EuroEconomica, Vol 34, No 1 (2015)

Optimal tax rate and economic growth. Evidence from Nigeria and South Africa

Olufemi Muibi Saibu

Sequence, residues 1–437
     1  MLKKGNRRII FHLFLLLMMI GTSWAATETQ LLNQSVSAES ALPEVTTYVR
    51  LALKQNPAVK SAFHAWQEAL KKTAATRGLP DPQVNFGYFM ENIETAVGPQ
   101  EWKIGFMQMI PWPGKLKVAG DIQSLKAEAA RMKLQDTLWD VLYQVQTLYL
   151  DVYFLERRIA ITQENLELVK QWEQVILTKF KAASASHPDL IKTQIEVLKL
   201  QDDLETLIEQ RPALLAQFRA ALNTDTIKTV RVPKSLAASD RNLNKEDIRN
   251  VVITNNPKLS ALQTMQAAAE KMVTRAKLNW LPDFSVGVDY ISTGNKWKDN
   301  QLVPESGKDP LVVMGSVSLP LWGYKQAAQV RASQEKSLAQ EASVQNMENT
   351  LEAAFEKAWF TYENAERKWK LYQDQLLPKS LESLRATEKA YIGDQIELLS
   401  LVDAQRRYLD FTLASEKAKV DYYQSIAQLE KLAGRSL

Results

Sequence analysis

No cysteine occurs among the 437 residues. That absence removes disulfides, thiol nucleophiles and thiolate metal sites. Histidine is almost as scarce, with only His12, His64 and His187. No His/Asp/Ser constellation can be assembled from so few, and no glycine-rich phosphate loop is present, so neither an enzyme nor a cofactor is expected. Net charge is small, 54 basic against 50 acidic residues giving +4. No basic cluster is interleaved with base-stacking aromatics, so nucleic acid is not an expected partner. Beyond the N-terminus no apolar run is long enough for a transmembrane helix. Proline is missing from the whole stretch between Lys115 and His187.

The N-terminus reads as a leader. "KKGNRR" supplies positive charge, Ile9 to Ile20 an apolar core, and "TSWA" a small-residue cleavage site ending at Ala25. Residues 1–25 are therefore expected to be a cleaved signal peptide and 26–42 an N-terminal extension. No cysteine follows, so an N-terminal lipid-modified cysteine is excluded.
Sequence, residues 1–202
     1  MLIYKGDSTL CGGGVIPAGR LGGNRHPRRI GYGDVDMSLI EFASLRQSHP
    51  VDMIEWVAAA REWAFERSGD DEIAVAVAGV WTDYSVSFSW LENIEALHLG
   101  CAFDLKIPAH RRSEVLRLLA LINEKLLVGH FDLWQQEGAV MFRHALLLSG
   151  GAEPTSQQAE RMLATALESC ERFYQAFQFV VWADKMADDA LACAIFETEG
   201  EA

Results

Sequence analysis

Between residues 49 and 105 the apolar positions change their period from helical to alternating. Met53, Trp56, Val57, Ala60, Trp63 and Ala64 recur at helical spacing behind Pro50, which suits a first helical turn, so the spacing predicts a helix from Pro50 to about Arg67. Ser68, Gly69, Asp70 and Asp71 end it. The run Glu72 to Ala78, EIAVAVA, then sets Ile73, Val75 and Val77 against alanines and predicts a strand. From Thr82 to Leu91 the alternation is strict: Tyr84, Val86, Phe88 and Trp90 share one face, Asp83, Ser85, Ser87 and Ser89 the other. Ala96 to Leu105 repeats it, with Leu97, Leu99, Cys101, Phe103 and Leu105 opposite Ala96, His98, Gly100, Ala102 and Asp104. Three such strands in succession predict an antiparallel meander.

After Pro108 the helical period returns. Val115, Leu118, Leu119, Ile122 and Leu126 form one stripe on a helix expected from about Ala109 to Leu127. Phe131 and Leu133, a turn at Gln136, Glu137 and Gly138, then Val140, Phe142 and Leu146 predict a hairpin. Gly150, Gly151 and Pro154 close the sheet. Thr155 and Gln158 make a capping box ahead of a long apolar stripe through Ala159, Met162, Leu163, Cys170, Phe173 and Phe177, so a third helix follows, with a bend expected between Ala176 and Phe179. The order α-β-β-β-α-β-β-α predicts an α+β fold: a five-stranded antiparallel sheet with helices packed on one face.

The recent economic crisis had made developingcountries to look inward for financial resources to finance development. Thereadily alternative is the tax revenues however, the possible adverse directand indirect effects of tax on productivity and work efforts as well as onaggregate consumption had make some African countries (especially Nigeria andSouth Africa) reluctant in implementing far reaching tax policy reform. Thispaper examines optimal tax burden and real output growth Nigeria and SouthAfrica, two of the top four economies in Africa. The paper empiricallydetermined what should be the optimal tax rate for Nigeria and South Africa-thetwo leading economies in Africa. The paper found that nonlinearity hypothesis inthe effects of tax in the case of South Africa is rejected while a significantnonlinear relationship is found in the case of Nigeria. The results suggest  that the  growth-maximizing  tax rate  is  about  15%  of  percapita GDP for South Africa and 30% for Nigeria.  At that  tax  rate, the  economic  growth rate  would  be around  6% and 8% instead  of the  actual  mean growth rate of 2.84% and 4.51% for SouthAfrica and Nigeria respectively.  Thepaper concluded the current tax burden in the two countries may be sub-optimaland may hurt long term sustainable growth process in the two countries


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